Hand pointed out that the statistical tool Mann used to integrate temperature data from a number of difference sources – including tree-ring data and actual thermometer readings – produced an "exaggerated" rise in temperatures over the 20th century, relative to pre-industrial temperatures.
Even The Guardian acknowledged the point:
At a press conference to launch the review's findings, Hand re-ignited a long-standing row about a high-profile study published in 1998 by scientists led by Michael Mann at Penn State University, US. The paper featured an emblematic graph known as the "hockey-stick" that showed temperature rise in the twentieth century was unprecedented in recent history. Hand said the study gave him an "uneasy feeling" because it used "inappropriate statistical tools".
Did Michael Mann at the time regard this as the exoneration he now claims it as? No. He swung into action and did what he always does - demonize his critic and demand that the criticisms should not be given any publicity. So he told The Guardian that Professor Hand's was a "rogue opinion" that "should not be given much attention or credence".
Okay. So I'm a "denier". Fair enough, I'm just a know-nothing blowhard. And Steve McIntyre is guilty of "pure scientific fraud". Well, he's Canadian like me, isn't he? And Judith Curry, chair of the School of Earth and Atmospheric Sciences at the Georgia Institute of Technology and a member of the National Research Council's Climate Research Committee and co-editor of the Encyclopedia of Atmospheric Sciences, represents the forces of "anti-science".
And the head of the Royal Statistical Society is just a fringe kook no one should pay any heed to.
So Mann then followed up with a bullying barrage of emails designed to intimidate Professor Hand into "correcting the record". In public, he claimed, as he always does, that everyone else had given him a clean bill of health:
"I would note that our '98 article was reviewed by the US National Academy of Sciences, the highest scientific authority in the United States, and given a clean bill of health," he said. "In fact, the statistician on the panel, Peter Bloomfield, a member of the Royal Statistical Society, came to the opposite conclusion of Prof Hand."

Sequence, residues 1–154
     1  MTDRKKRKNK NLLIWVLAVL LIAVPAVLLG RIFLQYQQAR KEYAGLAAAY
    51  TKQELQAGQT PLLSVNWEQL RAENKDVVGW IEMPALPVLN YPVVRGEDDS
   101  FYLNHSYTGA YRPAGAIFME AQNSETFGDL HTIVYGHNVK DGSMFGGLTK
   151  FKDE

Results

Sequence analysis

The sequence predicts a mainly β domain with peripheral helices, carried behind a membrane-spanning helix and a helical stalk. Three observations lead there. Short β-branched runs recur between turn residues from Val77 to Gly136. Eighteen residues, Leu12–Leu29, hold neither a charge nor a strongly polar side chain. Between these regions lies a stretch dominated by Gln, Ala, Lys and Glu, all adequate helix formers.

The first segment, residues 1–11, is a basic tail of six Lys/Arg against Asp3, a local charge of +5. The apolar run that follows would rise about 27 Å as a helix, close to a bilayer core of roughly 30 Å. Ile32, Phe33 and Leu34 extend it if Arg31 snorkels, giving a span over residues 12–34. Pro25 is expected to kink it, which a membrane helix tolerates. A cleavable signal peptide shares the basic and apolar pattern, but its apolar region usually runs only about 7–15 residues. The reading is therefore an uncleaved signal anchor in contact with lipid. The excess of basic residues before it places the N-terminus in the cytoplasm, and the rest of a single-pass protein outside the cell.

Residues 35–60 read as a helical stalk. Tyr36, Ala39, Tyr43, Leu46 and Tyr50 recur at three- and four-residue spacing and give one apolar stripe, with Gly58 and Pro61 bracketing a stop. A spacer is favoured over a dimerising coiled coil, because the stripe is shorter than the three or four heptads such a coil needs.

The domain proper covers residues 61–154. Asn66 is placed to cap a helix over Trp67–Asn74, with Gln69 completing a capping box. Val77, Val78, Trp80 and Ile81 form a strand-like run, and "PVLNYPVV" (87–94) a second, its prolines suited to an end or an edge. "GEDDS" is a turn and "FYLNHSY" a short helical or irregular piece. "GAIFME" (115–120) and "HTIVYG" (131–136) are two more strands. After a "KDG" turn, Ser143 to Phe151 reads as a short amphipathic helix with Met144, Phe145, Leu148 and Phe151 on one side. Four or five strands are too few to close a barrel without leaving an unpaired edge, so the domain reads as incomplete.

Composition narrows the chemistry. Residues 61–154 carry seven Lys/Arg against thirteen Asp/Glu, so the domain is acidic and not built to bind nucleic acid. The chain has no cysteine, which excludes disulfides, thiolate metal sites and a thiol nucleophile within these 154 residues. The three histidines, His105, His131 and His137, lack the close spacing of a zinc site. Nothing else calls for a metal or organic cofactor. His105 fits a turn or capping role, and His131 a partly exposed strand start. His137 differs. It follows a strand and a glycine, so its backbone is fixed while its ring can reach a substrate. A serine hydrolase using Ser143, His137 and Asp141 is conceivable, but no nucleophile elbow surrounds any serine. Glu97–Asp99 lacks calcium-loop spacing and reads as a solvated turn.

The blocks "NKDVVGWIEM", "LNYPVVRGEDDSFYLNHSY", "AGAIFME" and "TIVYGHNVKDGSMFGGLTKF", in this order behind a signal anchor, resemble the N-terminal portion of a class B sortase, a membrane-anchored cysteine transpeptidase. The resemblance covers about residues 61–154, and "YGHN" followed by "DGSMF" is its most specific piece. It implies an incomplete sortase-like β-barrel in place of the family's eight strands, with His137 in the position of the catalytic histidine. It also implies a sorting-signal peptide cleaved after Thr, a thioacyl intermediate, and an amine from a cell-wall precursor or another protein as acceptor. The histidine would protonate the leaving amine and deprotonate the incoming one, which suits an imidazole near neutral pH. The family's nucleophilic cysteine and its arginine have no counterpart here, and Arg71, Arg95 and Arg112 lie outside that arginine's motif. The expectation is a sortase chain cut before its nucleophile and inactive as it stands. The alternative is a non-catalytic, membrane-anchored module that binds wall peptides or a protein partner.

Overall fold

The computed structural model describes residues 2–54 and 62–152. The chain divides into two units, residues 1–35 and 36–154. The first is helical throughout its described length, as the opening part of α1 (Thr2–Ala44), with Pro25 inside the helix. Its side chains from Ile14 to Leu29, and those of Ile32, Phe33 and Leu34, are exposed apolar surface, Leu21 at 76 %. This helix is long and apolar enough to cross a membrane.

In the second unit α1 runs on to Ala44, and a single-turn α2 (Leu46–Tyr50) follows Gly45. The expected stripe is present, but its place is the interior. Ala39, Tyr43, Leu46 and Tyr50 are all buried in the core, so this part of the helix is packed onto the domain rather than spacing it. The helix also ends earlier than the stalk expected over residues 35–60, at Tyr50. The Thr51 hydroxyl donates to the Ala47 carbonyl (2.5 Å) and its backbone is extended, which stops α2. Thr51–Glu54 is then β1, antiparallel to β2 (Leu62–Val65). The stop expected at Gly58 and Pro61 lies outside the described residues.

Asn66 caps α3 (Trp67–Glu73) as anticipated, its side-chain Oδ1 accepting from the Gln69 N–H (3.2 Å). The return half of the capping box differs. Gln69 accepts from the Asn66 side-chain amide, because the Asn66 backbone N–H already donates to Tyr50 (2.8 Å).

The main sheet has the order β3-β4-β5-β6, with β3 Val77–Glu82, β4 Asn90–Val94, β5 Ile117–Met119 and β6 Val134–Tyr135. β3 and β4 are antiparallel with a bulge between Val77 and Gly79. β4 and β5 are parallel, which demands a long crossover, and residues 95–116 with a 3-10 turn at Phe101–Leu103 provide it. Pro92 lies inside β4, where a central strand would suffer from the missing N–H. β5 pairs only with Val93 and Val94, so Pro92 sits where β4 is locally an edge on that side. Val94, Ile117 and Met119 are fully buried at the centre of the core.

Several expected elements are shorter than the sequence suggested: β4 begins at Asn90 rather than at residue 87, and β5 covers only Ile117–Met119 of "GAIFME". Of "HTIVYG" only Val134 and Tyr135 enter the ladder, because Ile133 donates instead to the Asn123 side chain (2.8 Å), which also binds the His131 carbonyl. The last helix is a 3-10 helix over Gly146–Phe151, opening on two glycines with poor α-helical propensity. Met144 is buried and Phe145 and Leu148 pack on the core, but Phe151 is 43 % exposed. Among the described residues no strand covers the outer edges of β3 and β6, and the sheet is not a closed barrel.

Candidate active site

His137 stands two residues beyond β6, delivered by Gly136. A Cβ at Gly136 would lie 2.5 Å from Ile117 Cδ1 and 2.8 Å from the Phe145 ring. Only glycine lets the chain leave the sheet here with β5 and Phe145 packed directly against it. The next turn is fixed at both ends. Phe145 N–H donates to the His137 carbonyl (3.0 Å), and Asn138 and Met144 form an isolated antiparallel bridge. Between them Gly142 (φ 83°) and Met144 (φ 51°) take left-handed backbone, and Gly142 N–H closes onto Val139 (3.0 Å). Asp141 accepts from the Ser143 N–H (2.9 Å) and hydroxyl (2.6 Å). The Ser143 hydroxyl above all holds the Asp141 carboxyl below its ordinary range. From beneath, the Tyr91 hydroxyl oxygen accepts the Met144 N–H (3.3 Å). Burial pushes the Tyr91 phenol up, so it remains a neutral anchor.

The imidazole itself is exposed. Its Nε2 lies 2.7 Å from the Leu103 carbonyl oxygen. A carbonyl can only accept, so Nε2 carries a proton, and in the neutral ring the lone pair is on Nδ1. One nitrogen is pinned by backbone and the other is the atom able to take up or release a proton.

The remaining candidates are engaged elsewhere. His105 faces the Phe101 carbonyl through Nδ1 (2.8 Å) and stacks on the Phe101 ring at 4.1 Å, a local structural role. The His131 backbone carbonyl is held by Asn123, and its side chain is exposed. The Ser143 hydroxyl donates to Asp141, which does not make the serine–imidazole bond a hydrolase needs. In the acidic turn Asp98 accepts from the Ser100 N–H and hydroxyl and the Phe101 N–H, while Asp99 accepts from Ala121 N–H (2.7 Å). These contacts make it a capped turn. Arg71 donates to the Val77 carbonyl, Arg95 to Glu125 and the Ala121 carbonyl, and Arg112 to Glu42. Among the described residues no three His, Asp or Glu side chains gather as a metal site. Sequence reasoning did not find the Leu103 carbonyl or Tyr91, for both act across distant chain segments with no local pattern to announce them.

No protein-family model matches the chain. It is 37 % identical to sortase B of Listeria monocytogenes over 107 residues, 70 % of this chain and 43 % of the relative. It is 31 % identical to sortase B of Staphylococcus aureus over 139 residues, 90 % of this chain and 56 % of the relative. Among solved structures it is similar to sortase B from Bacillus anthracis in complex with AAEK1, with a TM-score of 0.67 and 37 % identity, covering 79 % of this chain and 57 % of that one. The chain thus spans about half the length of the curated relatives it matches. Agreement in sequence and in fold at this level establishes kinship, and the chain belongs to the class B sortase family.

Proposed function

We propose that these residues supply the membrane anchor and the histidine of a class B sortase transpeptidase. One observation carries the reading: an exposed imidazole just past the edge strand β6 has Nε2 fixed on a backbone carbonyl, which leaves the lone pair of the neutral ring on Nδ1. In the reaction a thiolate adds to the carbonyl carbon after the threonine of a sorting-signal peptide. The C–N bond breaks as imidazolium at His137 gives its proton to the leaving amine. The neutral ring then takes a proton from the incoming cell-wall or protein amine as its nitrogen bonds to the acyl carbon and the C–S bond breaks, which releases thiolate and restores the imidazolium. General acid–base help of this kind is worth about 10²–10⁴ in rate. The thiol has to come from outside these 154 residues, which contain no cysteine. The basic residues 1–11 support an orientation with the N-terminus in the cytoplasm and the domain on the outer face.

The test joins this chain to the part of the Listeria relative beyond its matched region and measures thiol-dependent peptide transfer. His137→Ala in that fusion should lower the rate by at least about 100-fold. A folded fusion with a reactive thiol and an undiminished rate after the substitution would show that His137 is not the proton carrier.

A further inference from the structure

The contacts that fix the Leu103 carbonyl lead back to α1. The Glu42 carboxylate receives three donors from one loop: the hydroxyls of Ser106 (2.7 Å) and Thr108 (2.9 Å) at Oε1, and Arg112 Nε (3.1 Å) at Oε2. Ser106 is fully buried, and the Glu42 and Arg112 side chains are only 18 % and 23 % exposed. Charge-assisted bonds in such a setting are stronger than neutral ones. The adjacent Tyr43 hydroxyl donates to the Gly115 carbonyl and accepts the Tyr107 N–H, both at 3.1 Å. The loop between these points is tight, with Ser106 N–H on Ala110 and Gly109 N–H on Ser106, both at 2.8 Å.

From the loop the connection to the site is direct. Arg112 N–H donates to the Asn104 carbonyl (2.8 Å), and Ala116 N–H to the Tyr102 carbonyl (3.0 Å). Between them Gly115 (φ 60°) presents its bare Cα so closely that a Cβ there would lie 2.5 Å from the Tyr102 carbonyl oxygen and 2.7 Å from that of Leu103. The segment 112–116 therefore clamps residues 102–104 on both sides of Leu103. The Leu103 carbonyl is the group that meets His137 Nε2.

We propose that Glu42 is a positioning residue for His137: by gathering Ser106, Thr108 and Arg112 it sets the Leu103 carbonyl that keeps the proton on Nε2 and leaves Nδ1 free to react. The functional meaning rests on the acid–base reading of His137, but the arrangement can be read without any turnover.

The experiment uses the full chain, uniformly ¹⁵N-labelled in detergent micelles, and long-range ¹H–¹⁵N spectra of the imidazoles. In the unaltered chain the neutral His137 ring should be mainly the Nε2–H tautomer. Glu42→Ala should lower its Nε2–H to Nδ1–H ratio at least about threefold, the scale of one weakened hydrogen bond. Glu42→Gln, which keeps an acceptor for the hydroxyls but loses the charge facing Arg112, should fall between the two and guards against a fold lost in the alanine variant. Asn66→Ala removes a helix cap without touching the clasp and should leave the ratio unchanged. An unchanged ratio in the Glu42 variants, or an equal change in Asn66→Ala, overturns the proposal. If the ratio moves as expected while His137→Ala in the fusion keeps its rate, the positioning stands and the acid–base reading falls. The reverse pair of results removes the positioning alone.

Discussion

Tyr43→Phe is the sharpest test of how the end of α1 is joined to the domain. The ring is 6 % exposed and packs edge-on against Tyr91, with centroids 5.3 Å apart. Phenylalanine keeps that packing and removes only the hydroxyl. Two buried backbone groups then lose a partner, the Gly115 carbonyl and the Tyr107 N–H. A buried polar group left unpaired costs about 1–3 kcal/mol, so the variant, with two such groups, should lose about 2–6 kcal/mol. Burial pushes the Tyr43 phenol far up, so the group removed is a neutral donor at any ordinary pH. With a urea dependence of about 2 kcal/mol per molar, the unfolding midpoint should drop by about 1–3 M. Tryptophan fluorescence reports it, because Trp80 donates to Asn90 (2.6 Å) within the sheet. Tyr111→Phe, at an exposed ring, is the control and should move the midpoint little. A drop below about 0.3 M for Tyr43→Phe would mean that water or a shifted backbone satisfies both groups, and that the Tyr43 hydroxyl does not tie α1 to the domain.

As Steve McIntyre points out, that was news to Peter Bloomfield:
Instead of opposing Hand's remarks (as Mann had asserted), Bloomfield said that he had quickly reviewed the findings of the NAS report and did not locate any conclusions that differed from Hand's:
A quick rereading of the report didn't reveal any place where I, or any other member of the committee reached any conclusion with which you [Hand] would differ. If you're aware of any, I'd be glad of a reminder!
Hand's characterization of the hockey stick is correct. And Bloomfield's characterization of the NAS report is correct.
And Steve McIntyre is correct to note that Mann's characterization of these investigations is as false as his claim to be a Nobel Laureate. In the Climate Change echo chamber, if you're as brazen as Mann, you can just about get away with this stuff. It won't be so easy for him on the witness stand.
~Speaking of which, thanks to everyone who's swung by the SteynOnline bookstore in recent days to help fund my end of the case. We had a customer from the Falkland Islands today, anxious to chip in and stick it to Mann. I'm gratified to know that even in Port Stanley the malodorousness of the hockey stick gets up their noses. And a reader in Norway bought one of our new SteynOnline gift certificates to send as a thoughtful present to Dr Mann. Can't wait to see which books of mine he decides to spend it on. Don't forget the new Kindle edition of Lights Out came out at the weekend, and the royalties from any copies you pick up at Amazon.com and Amazon sites worldwide will also go toward inflicting on Mann a thorough and decisive courtroom defeat.